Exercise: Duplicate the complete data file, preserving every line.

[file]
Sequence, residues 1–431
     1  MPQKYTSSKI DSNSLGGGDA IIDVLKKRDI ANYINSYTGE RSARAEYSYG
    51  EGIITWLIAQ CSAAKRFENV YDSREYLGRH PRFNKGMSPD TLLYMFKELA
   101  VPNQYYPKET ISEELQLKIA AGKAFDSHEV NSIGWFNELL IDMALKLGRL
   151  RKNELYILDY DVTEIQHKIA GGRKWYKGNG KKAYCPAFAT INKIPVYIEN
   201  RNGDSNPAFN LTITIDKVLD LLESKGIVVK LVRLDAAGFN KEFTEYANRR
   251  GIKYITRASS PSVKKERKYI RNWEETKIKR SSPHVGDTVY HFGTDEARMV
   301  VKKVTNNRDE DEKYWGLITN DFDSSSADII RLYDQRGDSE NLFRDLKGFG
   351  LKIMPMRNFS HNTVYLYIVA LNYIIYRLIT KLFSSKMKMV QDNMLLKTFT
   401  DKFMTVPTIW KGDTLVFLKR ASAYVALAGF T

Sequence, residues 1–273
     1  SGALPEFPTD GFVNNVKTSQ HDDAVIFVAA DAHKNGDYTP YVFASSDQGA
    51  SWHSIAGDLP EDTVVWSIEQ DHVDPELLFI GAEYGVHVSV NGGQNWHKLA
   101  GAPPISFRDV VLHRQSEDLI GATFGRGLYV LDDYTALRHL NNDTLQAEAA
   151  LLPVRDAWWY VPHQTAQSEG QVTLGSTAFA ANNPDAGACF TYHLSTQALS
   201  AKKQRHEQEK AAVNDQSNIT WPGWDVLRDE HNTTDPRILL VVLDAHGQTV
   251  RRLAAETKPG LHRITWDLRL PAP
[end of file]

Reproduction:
Sequence, residues 1–431
     1  MPQKYTSSKI DSNSLGGGDA IIDVLKKRDI ANYINSYTGE RSARAEYSYG
    51  EGIITWLIAQ CSAAKRFENV YDSREYLGRH PRFNKGMSPD TLLYMFKELA
   101  VPNQYYPKET ISEELQLKIA AGKAFDSHEV NSIGWFNELL IDMALKLGRL
   151  RKNELYILDY DVTEIQHKIA GGRKWYKGNG KKAYCPAFAT INKIPVYIEN
   201  RNGDSNPAFN LTITIDKVLD LLESKGIVVK LVRLDAAGFN KEFTEYANRR
   251  GIKYITRASS PSVKKERKYI RNWEETKIKR SSPHVGDTVY HFGTDEARMV
   301  VKKVTNNRDE DEKYWGLITN DFDSSSADII RLYDQRGDSE NLFRDLKGFG
   351  LKIMPMRNFS HNTVYLYIVA LNYIIYRLIT KLFSSKMKMV QDNMLLKTFT
   401  DKFMTVPTIW KGDTLVFLKR ASAYVALAGF T

Sequence, residues 1–273
     1  SGALPEFPTD GFVNNVKTSQ HDDAVIFVAA DAHKNGDYTP YVFASSDQGA
    51  SWHSIAGDLP EDTVVWSIEQ DHVDPELLFI GAEYGVHVSV NGGQNWHKLA
   101  GAPPISFRDV VLHRQSEDLI GATFGRGLYV LDDYTALRHL NNDTLQAEAA
   151  LLPVRDAWWY VPHQTAQSEG QVTLGSTAFA ANNPDAGACF TYHLSTQALS
   201  AKKQRHEQEK AAVNDQSNIT WPGWDVLRDE HNTTDPRILL VVLDAHGQTV
   251  RRLAAETKPG LHRITWDLRL PAP